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The Imaginarium of Dr Parnassus

Year: 2009
Production Co: Davis Films
Director: Terry Gilliam
Producer: Terry Gilliam
Writer: Terry Gilliam
Cast: Heath Ledger, Christopher Plummer, Johnny Depp, Jude Law, Colin Farrell, Lily Cole, Tom Waits, Verne Troyer

Few directors are as unlucky. If it isn't inclement weather in his Don Quixote movie (chronicled painfully in Lost in La Mancha) or the studio interference of The Brothers Grimm, the nadir came when a leading man riding the crest of a wave of popular and critical acclaim died suddenly mid shoot.

The zeitgeist of Heath Ledger's premature passing threatened to overshadow the rest of the film and give it a gloomy car crash quality, and it would have been nice for both he and Gilliam for this movie to be the crowning achievement in both their careers.

Instead it's a shambolic, amateurish mess with too many bad points to be a good movie. The first is a visual aesthetic that - though it's hard to believe - may have been too big for him. The sweeping innerscapes of the minds of those who go through Dr Parnassus' (Plummer) mirror could only be done with CGI, and there's an oversupply of it, Gilliam's signature style hijacked by the cartoony quality that overran the latter Star Wars films.

Even more distinctive however is the first draft quality of the whole thing, the acting and dialogue so poor at times I thought I was watching the cast jam in early rehearsals.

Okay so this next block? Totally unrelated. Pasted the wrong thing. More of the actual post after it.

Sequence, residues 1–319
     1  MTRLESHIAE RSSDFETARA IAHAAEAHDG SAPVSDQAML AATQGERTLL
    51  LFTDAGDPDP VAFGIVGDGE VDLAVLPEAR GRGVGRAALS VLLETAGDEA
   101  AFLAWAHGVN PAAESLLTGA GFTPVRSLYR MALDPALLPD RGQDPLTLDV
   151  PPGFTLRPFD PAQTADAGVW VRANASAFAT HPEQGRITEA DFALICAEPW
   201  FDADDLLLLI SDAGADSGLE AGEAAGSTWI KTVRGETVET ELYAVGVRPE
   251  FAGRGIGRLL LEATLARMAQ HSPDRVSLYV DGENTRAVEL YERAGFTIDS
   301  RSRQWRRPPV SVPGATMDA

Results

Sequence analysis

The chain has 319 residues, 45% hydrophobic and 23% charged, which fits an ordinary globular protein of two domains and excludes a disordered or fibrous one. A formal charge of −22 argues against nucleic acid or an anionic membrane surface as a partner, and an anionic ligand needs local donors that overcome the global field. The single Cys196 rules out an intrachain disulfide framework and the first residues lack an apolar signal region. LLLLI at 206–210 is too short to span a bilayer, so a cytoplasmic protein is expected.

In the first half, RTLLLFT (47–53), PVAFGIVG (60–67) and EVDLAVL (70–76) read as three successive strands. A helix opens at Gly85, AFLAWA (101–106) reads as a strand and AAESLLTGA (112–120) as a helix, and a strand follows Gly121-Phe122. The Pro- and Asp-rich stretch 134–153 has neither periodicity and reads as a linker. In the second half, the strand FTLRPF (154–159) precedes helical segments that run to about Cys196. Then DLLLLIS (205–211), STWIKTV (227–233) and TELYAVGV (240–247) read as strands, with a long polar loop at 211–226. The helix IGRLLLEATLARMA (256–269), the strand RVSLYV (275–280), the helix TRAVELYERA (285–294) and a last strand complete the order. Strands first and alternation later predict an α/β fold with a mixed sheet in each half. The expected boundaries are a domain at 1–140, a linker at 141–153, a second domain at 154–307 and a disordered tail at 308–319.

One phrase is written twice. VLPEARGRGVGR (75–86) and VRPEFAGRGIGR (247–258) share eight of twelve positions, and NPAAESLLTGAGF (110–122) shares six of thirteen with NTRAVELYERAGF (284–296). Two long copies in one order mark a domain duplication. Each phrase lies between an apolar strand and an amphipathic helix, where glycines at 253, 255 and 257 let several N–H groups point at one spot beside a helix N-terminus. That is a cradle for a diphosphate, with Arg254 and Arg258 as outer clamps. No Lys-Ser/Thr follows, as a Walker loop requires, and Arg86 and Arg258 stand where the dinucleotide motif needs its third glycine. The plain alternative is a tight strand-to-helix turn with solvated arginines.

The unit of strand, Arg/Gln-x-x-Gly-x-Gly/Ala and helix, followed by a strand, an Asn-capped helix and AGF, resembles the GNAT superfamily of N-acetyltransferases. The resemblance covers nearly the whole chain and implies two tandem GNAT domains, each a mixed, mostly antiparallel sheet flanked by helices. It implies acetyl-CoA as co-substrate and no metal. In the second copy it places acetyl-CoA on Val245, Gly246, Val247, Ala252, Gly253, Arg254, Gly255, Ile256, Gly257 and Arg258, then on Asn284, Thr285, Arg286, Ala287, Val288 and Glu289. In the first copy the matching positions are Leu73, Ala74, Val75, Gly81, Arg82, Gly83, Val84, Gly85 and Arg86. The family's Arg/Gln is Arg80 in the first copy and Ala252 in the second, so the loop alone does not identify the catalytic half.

The disconnect between the old world travelling circus tone of Parnassus and his coterie and modern London is too vast, Ledger not belonging to either one. The gulf between tones renders it ironically completely toneless and all over the place.

The premise behind the 1,000 year old showman and his covered wagon rumbling around London putting on shows for punters isn't bad, and suits Gilliam down to the ground. He gets to include a buxom young girl (the angel-faced Cole) and a lovestruck teenager. But Ledger is the odd man out as an industrialist they rescue from under a bridge after Russian mobsters have tried to hang him. Why he had to come into the story, what he contributes and what he really has to do with it I never really worked out.

The show's centrepiece is a mirror one can walk through and find oneself in one's own imagination (or maybe Parnassus' imagination - I never figured that out either). Gilliam salvages things admirably by casting Depp, Law and Farrell as Tony's various incantations inside the mirror, and the transition after Ledger's death was seamlessly rewritten.

But none of that stops the film from having some Gilliam-esque flourishes but no real presence that stays with you.

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